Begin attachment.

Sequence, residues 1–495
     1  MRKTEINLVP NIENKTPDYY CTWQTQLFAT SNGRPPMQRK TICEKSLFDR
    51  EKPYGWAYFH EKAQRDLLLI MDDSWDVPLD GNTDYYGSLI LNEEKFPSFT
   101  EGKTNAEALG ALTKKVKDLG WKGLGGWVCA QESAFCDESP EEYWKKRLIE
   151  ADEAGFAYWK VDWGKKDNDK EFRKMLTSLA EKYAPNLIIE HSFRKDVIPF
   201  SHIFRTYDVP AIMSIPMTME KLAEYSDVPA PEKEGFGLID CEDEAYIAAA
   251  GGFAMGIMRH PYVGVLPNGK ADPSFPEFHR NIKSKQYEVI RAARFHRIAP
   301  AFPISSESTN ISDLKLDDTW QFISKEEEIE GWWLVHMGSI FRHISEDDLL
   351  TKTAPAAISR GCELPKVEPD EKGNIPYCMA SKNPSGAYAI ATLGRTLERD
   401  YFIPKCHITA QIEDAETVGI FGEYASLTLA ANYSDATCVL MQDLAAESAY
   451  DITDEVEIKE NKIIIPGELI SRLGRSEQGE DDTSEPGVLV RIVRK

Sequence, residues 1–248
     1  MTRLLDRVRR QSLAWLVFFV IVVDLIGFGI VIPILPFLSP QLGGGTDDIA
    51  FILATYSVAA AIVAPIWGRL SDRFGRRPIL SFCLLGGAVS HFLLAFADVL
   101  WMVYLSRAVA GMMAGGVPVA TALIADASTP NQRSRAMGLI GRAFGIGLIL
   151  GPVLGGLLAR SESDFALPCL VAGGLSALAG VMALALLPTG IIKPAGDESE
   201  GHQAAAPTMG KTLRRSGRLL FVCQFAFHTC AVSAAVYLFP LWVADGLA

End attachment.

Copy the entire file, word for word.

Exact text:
Sequence, residues 1–495
     1  MRKTEINLVP NIENKTPDYY CTWQTQLFAT SNGRPPMQRK TICEKSLFDR
    51  EKPYGWAYFH EKAQRDLLLI MDDSWDVPLD GNTDYYGSLI LNEEKFPSFT
   101  EGKTNAEALG ALTKKVKDLG WKGLGGWVCA QESAFCDESP EEYWKKRLIE
   151  ADEAGFAYWK VDWGKKDNDK EFRKMLTSLA EKYAPNLIIE HSFRKDVIPF
   201  SHIFRTYDVP AIMSIPMTME KLAEYSDVPA PEKEGFGLID CEDEAYIAAA
   251  GGFAMGIMRH PYVGVLPNGK ADPSFPEFHR NIKSKQYEVI RAARFHRIAP
   301  AFPISSESTN ISDLKLDDTW QFISKEEEIE GWWLVHMGSI FRHISEDDLL
   351  TKTAPAAISR GCELPKVEPD EKGNIPYCMA SKNPSGAYAI ATLGRTLERD
   401  YFIPKCHITA QIEDAETVGI FGEYASLTLA ANYSDATCVL MQDLAAESAY
   451  DITDEVEIKE NKIIIPGELI SRLGRSEQGE DDTSEPGVLV RIVRK

Sequence, residues 1–248
     1  MTRLLDRVRR QSLAWLVFFV IVVDLIGFGI VIPILPFLSP QLGGGTDDIA
    51  FILATYSVAA AIVAPIWGRL SDRFGRRPIL SFCLLGGAVS HFLLAFADVL
   101  WMVYLSRAVA GMMAGGVPVA TALIADASTP NQRSRAMGLI GRAFGIGLIL
   151  GPVLGGLLAR SESDFALPCL VAGGLSALAG VMALALLPTG IIKPAGDESE
   201  GHQAAAPTMG KTLRRSGRLL FVCQFAFHTC AVSAAVYLFP LWVADGLA